Taking the Gwent card game from The Witcher 3 and making a standalone, spin-off game of it, developer CD Projekt RED have thrown a variety of twists and turns into the previously established formula of the card game that demanded attention back in 2015. This Gwent guide hub will act as a central bank of knowledge for the game, containing a variety of tactics and strategy guides, as well as the best decks to use in Gwent.
Gwent is a purely tactical game, with two players going head-to-head in an attempt to outlast one another over the course of two, or three rounds. The goal is to deplete both of your opponents lives before they deplete yours, through having the highest accumulative card score at the end of the round. We'll fully explain the rules of Gwent just below, along with a strategy guide to best any opponent.
For all you need to know about Gwent, including how to sign up to the Gwent beta, head over to our Everything You Need to Know About Gwent article.
How to Play Gwent - A Step-by-Step Guide
Only two players can partake in a game of Gwent, and both these players start with two lives. Both players will then pick one faction, out of the Northern Realms, Nilfgaardian Empire, Monsters, and Scoia'tael factions, and will stick with this faction, and their selected Leader from within that faction, for the whole game.
- Step One - Players draw ten cards from the top of their own deck to form a hand, and also select a single Leader card from their faction.
- Step Two - Each player takes turns placing down one card at a time on their side of the board, with the aim of having the larger overall score total. The round ends when both players have passed, or have no cards left in their hands to put down on the battlefield.
- Step Three - At the end of a round the numerical values of every card on each side of the battlefield are all added up, and whichever player has a greater total wins the round.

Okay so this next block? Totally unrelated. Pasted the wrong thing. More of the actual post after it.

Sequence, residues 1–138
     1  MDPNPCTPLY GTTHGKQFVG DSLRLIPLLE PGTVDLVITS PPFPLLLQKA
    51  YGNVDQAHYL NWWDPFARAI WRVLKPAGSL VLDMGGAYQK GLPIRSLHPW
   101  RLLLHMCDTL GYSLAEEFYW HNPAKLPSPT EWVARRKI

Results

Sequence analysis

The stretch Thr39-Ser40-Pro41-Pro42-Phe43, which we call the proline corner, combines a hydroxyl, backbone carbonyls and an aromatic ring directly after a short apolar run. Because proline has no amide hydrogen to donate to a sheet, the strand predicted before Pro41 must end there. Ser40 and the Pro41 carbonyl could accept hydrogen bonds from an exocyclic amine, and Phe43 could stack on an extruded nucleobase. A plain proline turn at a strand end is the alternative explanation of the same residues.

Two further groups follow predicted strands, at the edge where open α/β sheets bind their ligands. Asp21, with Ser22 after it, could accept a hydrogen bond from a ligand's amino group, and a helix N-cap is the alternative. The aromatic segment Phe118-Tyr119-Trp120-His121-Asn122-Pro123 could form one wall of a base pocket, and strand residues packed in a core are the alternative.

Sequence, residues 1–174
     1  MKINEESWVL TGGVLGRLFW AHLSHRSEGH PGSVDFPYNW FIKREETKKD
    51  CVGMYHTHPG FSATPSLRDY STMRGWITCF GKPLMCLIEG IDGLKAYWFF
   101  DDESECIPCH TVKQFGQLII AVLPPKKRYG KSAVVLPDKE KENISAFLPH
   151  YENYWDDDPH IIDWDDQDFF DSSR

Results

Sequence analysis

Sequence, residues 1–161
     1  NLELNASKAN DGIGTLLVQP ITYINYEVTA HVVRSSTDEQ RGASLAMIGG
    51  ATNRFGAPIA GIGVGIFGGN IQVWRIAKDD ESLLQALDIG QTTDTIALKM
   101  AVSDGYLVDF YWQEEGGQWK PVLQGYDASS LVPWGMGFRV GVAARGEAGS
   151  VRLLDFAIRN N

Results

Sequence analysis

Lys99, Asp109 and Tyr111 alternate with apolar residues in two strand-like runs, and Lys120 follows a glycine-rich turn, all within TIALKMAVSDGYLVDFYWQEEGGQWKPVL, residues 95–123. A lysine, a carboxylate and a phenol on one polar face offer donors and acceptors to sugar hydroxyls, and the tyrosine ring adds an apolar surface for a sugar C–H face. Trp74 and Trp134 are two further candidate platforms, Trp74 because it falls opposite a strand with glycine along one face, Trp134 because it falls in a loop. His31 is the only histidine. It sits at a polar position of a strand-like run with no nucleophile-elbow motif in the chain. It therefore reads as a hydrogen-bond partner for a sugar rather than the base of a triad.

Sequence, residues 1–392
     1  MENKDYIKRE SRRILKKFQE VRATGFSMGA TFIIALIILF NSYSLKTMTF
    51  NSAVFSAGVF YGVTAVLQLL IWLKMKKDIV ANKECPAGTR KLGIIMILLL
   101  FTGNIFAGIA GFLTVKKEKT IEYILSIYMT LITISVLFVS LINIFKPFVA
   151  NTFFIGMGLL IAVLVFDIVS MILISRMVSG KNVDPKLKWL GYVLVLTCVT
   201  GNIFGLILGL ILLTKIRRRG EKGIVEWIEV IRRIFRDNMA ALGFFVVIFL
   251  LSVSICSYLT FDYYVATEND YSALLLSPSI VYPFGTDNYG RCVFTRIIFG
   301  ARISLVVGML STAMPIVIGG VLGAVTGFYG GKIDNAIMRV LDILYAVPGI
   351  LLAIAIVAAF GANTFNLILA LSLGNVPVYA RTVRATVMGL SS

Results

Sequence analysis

Whoever has the lower total loses a life, and the first player to lose both lives through this manner loses this game of Gwent. The rules stated above are obviously subject to any special abilities that cards may have, for example a card may allow you to draw additional cards from your deck into your hand, or play another card from your deck onto the battlefield.
Playing a Weather or Leader card takes up the turn of the player, and these cards have no numerical value, instead affecting cards already on the board. For example, a Biting Frost Weather card can reduce all Close Quarters units to having a value of just 1, while the Brouver Hoog Leader card can be used to summon Silver cards from your deck. These cards should be used strategically, to impact the maximum number of your opponents cards.
It should also be noted that a player can pass whenever they wish, but the opposing player doesn't have to also pass, meaning they can continue placing down cards onto the battlefield unhindered by the other player who has passed. It may seem like a lot to get your head around, but we've laid out all the basic rules of Gwent for you here, and you should now be able to test yourself in a game.